News In Brief

Scientists reported the first direct photo evidence of a planet circling a star outside Earth's solar system. Planets are normally too dim to be seen from Earth, even with the finest telescopes. But in this case, astronomer Greg Henry of Tennessee State University was able to photograph what was described as a gas giant half again as big as Jupiter passing in front of star HD 209458, producing an eclipse-like image.

Safety officials said the cockpit voice recorder recovered Saturday from EgyptAir Flight 990 - together with the data recorder that was already in hand - should help investigators unravel what caused the Boeing 767 to crash off Nantucket, Mass., Oct. 31, killing all 217 people aboard. Early data showed that the plane was put into a steep dive with both engines shut off and that it then climbed briefly before turning and plunging into the sea.

President Clinton signed into law a sweeping overhaul of laws regulating banks, giving them more ways to compete in evolving financial markets. Analysts said it would likely fuel a wave of mergers as firms try to build "financial supermarkets" offering a wide variety of services.

Clinton also signed legislation allowing District of Columbia residents to attend colleges in Virginia and Maryland at in-state tuition rates. The federal government will pay the difference between in-state and out-of-state tuition at public colleges in Maryland and Virginia - including private colleges that have historically attracted black students - up to a maximum of $2,500 a year.

The president's lawyers sought to delay a lawsuit involving the Clintons' purchase of a home in New York until after he leaves office. They asked that a suit filed by the conservative group Judicial Watch be blocked until Jan. 20, 2001, because it would be too "intrusive and time-consuming." The motion says the Supreme Court, in rejecting the same argument in the Paula Jones case, had "drastically underestimated the burden" a lawsuit can place on a president. Alleging that its terms are an illegal gratuity from the lender, Judicial Watch wants to have the mortgage on the Clintons' house rescinded.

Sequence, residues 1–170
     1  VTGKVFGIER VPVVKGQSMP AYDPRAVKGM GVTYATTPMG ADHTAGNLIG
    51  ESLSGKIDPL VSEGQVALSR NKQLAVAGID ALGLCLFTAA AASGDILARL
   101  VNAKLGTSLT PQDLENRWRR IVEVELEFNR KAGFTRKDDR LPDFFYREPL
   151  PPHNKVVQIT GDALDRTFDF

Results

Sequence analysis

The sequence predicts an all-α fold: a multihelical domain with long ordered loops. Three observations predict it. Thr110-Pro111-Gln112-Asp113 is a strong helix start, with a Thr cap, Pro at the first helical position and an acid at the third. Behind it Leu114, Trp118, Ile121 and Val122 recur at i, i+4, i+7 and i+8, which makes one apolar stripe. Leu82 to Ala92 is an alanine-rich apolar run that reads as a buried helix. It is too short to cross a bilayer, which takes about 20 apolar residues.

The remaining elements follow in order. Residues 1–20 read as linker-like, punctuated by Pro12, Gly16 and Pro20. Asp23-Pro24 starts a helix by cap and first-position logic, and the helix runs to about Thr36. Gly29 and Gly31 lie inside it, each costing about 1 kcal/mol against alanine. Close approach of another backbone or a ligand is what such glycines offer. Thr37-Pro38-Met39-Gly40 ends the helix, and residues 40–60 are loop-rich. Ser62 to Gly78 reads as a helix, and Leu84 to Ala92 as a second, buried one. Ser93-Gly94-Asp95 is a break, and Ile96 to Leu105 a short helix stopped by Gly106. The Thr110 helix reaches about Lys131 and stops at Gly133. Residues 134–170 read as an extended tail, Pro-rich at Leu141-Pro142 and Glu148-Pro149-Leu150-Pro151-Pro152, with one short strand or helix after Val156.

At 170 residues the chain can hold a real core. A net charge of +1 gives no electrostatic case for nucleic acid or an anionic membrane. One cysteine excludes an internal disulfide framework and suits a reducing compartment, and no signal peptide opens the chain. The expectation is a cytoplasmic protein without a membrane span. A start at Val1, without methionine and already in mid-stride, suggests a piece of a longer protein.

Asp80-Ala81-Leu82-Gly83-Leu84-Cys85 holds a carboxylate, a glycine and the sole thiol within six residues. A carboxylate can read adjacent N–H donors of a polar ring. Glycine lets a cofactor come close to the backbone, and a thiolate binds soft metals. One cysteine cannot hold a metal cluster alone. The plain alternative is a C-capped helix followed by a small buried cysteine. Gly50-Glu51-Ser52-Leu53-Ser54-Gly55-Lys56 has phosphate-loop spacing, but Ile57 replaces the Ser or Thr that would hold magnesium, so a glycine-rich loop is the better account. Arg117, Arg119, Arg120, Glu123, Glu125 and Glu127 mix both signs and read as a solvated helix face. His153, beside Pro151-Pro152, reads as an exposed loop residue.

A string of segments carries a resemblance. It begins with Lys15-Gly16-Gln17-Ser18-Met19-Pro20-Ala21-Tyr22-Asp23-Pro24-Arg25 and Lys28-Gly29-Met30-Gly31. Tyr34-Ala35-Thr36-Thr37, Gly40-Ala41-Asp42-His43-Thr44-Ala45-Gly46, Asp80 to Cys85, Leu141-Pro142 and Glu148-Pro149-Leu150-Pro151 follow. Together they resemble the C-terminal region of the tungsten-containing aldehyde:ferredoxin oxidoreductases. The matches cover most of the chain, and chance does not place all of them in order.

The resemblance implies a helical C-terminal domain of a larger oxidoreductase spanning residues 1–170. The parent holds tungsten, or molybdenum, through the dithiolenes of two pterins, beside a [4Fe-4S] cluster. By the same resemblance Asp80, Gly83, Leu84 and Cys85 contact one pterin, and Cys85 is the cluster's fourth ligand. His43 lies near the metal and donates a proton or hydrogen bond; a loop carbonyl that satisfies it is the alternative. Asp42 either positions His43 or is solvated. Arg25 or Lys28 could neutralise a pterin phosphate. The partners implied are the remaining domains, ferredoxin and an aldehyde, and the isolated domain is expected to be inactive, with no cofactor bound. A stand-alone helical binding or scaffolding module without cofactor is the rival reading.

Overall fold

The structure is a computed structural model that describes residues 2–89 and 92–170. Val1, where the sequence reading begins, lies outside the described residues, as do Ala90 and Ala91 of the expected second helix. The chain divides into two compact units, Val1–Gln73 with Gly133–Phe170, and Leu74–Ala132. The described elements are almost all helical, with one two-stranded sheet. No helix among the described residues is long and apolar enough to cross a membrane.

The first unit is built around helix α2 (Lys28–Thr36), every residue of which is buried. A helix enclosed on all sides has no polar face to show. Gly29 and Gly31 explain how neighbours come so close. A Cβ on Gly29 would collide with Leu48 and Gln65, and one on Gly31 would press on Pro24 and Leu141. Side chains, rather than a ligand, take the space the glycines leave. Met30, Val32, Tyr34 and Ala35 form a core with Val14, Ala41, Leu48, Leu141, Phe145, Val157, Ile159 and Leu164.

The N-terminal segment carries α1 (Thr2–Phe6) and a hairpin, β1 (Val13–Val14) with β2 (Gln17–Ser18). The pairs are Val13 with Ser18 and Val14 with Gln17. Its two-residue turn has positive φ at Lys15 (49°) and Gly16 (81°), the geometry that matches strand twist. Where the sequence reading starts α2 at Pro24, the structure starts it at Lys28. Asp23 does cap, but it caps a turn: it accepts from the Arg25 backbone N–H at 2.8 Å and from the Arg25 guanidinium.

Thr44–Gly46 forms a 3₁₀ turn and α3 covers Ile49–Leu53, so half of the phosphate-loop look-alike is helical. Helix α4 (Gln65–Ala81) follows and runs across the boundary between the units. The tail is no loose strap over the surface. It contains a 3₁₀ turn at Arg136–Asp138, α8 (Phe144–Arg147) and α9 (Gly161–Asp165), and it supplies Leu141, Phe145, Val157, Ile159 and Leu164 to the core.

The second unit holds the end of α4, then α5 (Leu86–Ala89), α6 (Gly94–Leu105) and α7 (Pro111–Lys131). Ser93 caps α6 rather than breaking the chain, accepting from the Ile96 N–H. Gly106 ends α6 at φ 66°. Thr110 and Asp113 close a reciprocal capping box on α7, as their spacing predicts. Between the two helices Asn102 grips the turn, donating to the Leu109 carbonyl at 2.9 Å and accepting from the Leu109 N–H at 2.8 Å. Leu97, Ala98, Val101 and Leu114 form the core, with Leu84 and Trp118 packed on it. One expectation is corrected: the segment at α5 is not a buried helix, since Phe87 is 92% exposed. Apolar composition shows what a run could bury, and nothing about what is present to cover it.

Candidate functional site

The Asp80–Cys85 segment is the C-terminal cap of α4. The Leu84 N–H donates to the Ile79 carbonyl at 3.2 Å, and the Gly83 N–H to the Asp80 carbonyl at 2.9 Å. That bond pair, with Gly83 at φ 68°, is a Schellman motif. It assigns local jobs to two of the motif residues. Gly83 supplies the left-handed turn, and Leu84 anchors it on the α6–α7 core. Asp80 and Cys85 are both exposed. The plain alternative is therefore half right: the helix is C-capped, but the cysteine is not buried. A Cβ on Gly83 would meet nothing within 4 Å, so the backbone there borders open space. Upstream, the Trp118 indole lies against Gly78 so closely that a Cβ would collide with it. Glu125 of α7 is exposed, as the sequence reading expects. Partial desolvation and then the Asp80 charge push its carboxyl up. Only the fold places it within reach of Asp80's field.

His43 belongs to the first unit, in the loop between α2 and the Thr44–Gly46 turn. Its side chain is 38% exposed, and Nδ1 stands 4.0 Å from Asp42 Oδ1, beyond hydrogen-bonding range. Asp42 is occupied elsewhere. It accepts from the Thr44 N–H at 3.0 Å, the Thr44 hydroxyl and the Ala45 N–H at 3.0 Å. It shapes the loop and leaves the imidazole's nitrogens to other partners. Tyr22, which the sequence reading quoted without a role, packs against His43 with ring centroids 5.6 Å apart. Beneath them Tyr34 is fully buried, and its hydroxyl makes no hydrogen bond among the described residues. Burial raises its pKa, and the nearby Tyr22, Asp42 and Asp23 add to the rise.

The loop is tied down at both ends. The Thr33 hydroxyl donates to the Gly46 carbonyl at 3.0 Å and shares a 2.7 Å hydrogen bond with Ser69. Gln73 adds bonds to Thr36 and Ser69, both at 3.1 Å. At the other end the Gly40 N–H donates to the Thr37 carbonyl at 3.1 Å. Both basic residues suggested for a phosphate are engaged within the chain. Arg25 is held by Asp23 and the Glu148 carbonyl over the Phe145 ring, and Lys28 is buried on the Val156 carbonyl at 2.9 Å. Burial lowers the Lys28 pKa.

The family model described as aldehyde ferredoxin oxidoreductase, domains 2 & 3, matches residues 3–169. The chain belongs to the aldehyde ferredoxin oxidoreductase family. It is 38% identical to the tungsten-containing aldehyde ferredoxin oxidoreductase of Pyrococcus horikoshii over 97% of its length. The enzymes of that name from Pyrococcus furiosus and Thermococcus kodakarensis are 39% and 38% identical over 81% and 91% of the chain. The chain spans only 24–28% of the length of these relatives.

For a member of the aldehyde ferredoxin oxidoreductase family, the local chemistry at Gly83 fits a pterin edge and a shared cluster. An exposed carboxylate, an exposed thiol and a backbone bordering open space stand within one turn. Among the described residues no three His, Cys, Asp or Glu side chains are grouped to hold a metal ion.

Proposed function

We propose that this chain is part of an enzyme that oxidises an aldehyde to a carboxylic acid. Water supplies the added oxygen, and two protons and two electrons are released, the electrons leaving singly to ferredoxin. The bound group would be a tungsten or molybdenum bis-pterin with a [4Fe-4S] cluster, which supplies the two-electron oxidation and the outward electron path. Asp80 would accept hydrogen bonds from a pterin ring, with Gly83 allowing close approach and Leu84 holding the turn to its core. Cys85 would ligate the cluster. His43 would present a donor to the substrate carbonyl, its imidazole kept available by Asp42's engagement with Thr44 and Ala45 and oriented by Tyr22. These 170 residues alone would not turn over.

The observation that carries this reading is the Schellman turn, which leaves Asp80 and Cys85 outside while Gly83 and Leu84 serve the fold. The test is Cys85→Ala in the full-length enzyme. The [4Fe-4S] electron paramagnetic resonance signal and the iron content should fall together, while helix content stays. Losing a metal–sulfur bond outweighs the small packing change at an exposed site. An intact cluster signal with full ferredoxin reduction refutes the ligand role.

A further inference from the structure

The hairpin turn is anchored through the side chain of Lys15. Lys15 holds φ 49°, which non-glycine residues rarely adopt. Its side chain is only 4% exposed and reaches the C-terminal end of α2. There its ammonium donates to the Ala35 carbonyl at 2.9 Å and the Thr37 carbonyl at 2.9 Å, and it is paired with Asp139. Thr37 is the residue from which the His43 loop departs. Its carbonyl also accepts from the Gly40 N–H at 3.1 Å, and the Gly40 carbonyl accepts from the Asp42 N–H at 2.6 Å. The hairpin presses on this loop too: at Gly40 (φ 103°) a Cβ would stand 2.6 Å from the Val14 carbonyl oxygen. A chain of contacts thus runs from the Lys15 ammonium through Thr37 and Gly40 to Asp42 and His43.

Medicare spending decreased in fiscal year 1999 for the first time in the history of the program, The New York Times reported. The 1 percent decline from 1998 to 1999 is significant because Medicare, the federal health-insurance plan for the elderly and disabled, had been growing 10 percent a year when Congress voted to curb its payments to doctors, hospitals, and nursing homes in 1997. The savings stem from many causes, including the congressional cuts and low inflation, the newspaper said.

The White House was considering a deal that would allow the US to pay nearly $1 billion in dues owed to the UN in exchange for accepting some Republican restrictions on the use of US aid by international groups that promote abortion, congressional sources said. The compromise would reportedly be similar to a House-passed measure that would allow US aid to go to such groups - as long as they use separate funds for their abortion activities.

(c) Copyright 1999. The Christian Science Publishing Society

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